Current work has been focusing on vaccines using recombinant techniques for diseases such as avian (H5N1) influenza using DNA instead of whole virus and malaria using recombinant virus. Measles, rotavirus (the cruise ship diarrhea bug), and Hepatitis B virus vaccines have also been tested with microneedle patches in rodents, all with promising results. Research is now being done to see if these patches can be further modified to increase stability of antigen, as well as make them dissolvable so as to not have the need for removal by a clinician. While there are no human studies yet published, medicine is fully on track to begin human trials within the next decade. With successful implementation of these novel vaccine microneedle patches, the need for refrigeration or the risk of cross contamination of bystanders can be finally eliminated and greater access to vaccination can finally be achieved.
The patches also provide options for developing nations. Vaccines are extremely effective in keeping humans and other animals free of disease, but their transportation and storage requirements have made it difficult for their use in developing countries–places where communicable disease is the most prevalent.
Refrigeration is almost always required for a vaccine, regardless of whether it’s delivered by injection, ingestion, or inhalation. Developing nations do not always have adequate access to refrigeration, and many vaccines do not survive transport and are rendered inactive and ineffective once at the clinic. Therefore, it is extremely important that scientists develop a type of vaccine that can survive these less-than-ideal conditions.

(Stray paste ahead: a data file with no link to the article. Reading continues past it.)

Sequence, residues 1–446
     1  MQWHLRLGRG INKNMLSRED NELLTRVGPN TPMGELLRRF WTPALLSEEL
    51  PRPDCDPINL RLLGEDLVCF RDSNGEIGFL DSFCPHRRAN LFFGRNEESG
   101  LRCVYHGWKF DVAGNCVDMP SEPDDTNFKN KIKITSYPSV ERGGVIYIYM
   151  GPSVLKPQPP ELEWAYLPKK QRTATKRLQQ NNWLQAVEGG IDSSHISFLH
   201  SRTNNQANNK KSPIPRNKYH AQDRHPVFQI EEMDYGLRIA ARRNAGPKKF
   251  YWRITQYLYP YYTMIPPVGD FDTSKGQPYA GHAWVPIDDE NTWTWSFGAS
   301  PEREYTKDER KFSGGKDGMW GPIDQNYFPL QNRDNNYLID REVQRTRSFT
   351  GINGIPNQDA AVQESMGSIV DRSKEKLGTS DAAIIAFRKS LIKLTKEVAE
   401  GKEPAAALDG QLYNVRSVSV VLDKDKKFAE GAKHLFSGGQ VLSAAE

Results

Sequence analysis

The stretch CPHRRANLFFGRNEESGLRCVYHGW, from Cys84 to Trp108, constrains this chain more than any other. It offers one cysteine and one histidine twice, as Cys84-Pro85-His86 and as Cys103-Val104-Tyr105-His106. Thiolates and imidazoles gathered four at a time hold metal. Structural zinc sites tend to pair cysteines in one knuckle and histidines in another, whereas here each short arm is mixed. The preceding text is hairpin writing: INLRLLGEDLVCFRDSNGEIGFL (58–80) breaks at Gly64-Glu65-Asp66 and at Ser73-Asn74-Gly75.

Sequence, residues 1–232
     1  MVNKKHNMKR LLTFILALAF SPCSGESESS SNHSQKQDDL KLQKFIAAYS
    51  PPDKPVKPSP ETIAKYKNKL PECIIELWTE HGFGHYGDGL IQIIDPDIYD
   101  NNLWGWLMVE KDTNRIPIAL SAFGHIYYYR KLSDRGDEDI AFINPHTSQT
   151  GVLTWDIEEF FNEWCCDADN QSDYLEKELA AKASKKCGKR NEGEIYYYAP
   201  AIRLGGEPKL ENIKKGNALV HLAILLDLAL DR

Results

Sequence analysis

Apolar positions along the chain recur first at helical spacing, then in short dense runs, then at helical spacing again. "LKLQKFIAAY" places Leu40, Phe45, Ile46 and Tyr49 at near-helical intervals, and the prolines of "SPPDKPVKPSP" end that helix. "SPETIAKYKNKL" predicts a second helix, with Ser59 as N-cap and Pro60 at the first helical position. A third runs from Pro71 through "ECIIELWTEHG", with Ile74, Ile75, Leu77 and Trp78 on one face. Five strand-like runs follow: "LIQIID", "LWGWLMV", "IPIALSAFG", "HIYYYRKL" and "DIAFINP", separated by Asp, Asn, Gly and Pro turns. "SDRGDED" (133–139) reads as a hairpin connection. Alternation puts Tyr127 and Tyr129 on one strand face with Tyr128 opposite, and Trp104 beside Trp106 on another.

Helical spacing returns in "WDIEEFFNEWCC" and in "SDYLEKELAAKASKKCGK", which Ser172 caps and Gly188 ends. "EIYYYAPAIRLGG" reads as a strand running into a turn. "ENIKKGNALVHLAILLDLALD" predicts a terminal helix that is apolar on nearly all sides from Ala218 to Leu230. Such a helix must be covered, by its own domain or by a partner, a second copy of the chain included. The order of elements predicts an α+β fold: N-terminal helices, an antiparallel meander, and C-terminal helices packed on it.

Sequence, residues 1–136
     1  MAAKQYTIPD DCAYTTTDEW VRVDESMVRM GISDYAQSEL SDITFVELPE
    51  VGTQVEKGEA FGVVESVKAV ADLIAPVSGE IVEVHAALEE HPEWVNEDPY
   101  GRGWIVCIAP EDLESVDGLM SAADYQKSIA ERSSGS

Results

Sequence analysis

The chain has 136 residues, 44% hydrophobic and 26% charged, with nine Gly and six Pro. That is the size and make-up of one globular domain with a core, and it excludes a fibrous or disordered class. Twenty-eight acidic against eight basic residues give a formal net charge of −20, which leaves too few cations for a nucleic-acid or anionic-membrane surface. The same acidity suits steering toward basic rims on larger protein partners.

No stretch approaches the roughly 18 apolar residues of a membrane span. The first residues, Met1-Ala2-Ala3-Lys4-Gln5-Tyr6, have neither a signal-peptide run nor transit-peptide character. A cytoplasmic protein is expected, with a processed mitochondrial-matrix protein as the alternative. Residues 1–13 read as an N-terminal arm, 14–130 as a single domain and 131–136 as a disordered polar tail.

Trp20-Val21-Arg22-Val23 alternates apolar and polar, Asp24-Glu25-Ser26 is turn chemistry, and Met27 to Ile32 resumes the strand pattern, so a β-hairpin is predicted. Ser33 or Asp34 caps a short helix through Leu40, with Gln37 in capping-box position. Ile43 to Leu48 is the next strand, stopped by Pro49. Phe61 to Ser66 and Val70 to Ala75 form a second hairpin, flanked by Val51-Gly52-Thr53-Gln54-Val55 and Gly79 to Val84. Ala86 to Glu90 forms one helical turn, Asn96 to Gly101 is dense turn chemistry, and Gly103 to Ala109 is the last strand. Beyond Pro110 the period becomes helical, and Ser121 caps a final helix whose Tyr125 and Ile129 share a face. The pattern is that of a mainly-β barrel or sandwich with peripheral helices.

The patch offers the possibility of addressing social and religious reservations about taking vaccines, too. If microneedle patches are easy to transport and use, volunteer-driven campaigns could not only better inform populations, but certified volunteers could be trained to administer the patches within their communities.
The question now: when will they available to everyone?
by Dana Catalfamo
The article originally appeared October 22, 2013 at berlinSCI.com.
Dana Catalfamo is a physician assistant and holds a Ph.D. in microbiology and immunology. She can be reached on Twitter @DanaLynnCat.